Figures

Figures submitted to the Journal must be of the highest quality to ensure accuracy and clarity in the final published copy. You can supply graphics in eps, pdf, jpg, png, and tiff formats, or as native Photoshop/Illustrator files. We recommend that you refrain from using conversion tools that might decrease the quality of the figures.

We urge the author to limit the empty space in and around figures. Artwork should be in sharp focus, with clean, clear numbers and letters and with sharp black lines. Thin lines should be avoided, particularly in figures requiring considerable reduction. Authors should check whether laser-printed originals of these figures are acceptable (especially for grayscale).

The author is warned that changes in the size and arrangement of figures can made by the publisher at the production stage. Because of the bulk of the Journal, the production office will reduce most figures to fit a one-column format (88 mm). If necessary, figures may extend across the entire page width (max. 180 mm). Intermediate widths with a side caption are also possible (max. 120 mm). The illustrations should be placed at the top of the column and flush-left according to layout conventions.

If lettered parts of a figure (e.g., 1a, 1b, 1c, etc.) are referred to in the figure legend, each part of the figure should be labeled with the appropriate letter within the image area. Symbols should be explained in the caption and not in the figure. Please use lower case for any words in figures to comply with the A&A style.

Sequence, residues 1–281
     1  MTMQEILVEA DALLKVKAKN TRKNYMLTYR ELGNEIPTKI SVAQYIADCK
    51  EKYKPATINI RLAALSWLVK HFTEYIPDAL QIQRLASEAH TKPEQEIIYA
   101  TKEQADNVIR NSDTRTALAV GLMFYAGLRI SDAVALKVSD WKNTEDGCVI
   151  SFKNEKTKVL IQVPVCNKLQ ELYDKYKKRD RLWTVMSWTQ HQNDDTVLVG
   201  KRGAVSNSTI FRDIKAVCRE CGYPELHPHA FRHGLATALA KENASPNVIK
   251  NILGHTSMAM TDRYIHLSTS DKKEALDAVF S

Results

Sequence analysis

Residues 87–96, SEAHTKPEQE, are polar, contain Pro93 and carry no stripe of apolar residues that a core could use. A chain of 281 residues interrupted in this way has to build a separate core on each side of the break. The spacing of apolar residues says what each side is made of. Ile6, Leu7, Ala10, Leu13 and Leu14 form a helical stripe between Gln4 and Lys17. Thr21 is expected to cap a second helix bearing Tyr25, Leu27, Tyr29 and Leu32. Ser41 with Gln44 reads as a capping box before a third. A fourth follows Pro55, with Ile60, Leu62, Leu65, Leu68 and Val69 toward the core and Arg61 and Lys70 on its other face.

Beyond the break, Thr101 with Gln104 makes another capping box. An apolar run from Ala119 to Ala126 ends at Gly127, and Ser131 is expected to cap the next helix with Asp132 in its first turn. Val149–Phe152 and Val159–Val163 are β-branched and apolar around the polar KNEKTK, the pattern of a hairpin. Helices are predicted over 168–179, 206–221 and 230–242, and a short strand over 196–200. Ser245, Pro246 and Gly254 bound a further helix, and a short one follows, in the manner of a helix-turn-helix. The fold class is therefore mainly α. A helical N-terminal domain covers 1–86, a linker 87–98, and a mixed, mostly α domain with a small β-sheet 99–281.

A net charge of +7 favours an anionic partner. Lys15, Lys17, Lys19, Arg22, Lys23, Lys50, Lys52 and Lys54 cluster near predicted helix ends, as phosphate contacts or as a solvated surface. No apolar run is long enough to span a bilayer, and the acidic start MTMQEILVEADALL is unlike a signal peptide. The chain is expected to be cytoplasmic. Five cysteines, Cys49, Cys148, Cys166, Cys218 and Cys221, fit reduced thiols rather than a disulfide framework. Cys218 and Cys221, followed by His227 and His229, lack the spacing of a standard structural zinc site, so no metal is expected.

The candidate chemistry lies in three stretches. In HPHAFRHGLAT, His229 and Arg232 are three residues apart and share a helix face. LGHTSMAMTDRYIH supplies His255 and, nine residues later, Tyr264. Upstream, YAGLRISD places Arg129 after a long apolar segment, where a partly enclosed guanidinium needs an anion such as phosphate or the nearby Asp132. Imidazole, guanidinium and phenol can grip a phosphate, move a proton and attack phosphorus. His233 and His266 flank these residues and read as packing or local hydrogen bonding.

See appendix \ref{app:ex-tex-fig} for examples of how figures should be coded in the TeX file.

About figures format

Depending of your preferred LaTeX engine (LaTeX or pdfLaTeX), figures should be sent as encapsulated PostScript files or in any other format as PDF, JPG, TIFF, PNG, BMP, and GIF (compatible with pdfLaTeX).

All graphics are either vector graphics or bitmap graphics. Vector figures are graphics consisting of individual, scalable objects such as lines, curves, and shapes with editable attributes, therefore you can resize a vector without loss of quality. The bitmap figures are graphics composed of dots called pixels. Because bitmaps have a fixed resolution, enlarging or reducing them produce jagged and distorted images because extra pixels are added or supressed. Some software packages leave a considerable margin around the figures. You may have to adjust the BoundingBox for EPS figures by hand with the help of ghostview, for example. The figure can also be automatically changed with the psfixbb command, which you will find in almost any LaTeX distribution.

For other formats as PDF, JPG, and bitmap formats, crop out any extra spaces around the figures and also check very carefully that the resolution is at least 250/300 dpi and not 92 dpi, as in standard screen JPG files. The easiest way to include your figures is by using the graphicx package, which comes along with the standard LaTeX2e distribution. See the document by Keith Reckdahl "Using Imported Graphics in LaTeX2e", which explains how to use imported graphics in LaTeX2e documents. The Part I, Background Information provides historical information and describes basic LaTeX2e terminology and graphic formats.